At the dawn of the seventh century, Gregory the Great exhorted missionary monk to "baptize" the pagan customs of the countryside. Destroy the idols, he advised, but leave the temples. This sort of symbolic assimilation has continued to influence Christian religious practices. Believers appropriate potentially objectionable items and refashion them to their own liking. Consider how Latin Americans seem to have baptized Columbus Day. On his Washington Post blog, “Catholic America,” Anthony M. Stevens-Arroyo explains…
Columbus Day is now "contested" - as current terminology would have it. Some
view with joy the anniversary of the navigator's historic landing in part of the
Bahamas. Others see October 12 as a day to mark the beginning of oppression,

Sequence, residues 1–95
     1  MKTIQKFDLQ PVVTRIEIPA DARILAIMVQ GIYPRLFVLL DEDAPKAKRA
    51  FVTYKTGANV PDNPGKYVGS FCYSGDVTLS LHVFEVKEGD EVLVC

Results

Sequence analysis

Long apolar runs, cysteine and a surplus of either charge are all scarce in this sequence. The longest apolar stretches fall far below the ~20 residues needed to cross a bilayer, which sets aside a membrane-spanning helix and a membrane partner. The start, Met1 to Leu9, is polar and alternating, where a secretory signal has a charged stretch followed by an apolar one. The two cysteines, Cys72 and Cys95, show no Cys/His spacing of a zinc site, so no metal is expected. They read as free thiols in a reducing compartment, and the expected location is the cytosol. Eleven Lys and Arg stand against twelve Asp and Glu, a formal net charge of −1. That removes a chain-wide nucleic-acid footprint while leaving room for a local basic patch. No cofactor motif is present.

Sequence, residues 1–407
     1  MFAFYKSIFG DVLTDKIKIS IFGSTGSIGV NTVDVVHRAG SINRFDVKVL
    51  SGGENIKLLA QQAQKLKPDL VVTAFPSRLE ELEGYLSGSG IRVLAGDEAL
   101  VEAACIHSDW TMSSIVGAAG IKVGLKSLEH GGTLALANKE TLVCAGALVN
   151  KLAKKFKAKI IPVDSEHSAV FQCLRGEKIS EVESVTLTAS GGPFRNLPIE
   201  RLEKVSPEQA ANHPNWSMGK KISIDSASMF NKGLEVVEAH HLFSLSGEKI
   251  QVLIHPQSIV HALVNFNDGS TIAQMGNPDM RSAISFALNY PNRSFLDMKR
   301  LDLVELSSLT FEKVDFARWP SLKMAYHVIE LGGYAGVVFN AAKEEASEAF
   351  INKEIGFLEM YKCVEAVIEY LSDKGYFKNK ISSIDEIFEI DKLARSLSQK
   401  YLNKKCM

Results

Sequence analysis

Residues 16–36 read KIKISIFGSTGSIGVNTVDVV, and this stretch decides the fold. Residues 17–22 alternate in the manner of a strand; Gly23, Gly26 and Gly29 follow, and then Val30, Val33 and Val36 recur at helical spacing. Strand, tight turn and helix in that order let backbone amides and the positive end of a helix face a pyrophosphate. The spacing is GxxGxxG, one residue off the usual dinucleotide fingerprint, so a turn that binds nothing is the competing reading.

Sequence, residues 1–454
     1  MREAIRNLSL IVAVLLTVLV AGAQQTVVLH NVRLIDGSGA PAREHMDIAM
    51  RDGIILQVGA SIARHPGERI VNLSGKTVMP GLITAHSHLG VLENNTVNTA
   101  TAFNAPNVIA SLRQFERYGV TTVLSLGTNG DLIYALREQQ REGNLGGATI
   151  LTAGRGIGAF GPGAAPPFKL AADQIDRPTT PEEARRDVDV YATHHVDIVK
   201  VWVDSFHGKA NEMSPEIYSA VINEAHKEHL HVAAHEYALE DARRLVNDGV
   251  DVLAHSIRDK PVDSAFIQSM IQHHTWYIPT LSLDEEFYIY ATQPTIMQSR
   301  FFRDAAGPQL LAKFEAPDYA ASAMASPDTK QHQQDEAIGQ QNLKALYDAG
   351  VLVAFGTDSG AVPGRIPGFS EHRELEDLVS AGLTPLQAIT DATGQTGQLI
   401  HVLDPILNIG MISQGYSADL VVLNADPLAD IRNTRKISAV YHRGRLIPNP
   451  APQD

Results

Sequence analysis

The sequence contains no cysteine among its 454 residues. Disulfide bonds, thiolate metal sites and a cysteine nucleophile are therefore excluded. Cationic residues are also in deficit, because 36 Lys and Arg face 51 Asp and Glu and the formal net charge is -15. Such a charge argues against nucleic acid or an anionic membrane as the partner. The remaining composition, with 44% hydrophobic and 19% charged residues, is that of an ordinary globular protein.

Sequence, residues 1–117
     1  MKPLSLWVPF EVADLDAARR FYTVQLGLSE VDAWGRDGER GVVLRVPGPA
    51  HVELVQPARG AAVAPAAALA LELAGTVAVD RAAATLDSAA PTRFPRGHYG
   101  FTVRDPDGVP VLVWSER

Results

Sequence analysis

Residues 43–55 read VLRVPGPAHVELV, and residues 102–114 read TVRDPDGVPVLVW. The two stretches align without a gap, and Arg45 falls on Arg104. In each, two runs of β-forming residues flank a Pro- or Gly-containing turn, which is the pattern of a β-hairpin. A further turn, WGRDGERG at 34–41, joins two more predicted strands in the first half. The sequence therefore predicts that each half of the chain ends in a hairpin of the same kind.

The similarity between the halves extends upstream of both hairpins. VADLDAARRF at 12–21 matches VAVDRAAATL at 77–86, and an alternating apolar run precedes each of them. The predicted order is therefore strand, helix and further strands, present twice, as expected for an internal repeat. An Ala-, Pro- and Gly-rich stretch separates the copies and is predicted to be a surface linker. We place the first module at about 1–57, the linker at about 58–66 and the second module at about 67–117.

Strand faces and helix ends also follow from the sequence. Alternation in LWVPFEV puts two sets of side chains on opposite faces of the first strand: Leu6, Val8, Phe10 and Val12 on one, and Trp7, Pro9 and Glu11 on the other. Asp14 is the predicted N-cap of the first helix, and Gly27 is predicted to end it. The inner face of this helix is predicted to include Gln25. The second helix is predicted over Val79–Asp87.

enslavement and genocide. Both sides claim Catholic America as their
I rest with the Latin American version of Columbus Day: Día de la Raza. We celebrate not so much the event as its result:-- a "new breed" within the human family. ("Raza" doesn't mean "race" in quite the same way as in English.) Whatever Columbus' intentions or mistakes, Latin America under Spain began to tolerate, legalize and eventually encourage racial intermarriage. Centuries later, the Mexican philosopher, José Vasconcelos, described us as "La Raza Cósmica" (The Cosmic Breed), because we have virtually all of the world's skin colors in our demographic rainbow: white, black, red and yellow.
Racial mixture is what we Latinos and Latinas celebrate on October 12th. As the Puerto Rican patriot Pedro Albizu Campos proclaimed, there is a distinctive Catholic pride in this holiday. Unlike so much of Protestant North America where racial mixing was looked down upon, Catholic Latin America officially recognized the equality of races at the dawn of modern history. I am happy to celebrate Columbus Day by thanking God for my Puerto Rican-Italian nephews and nieces. Let's make October 12 a day for the living, not for the dead.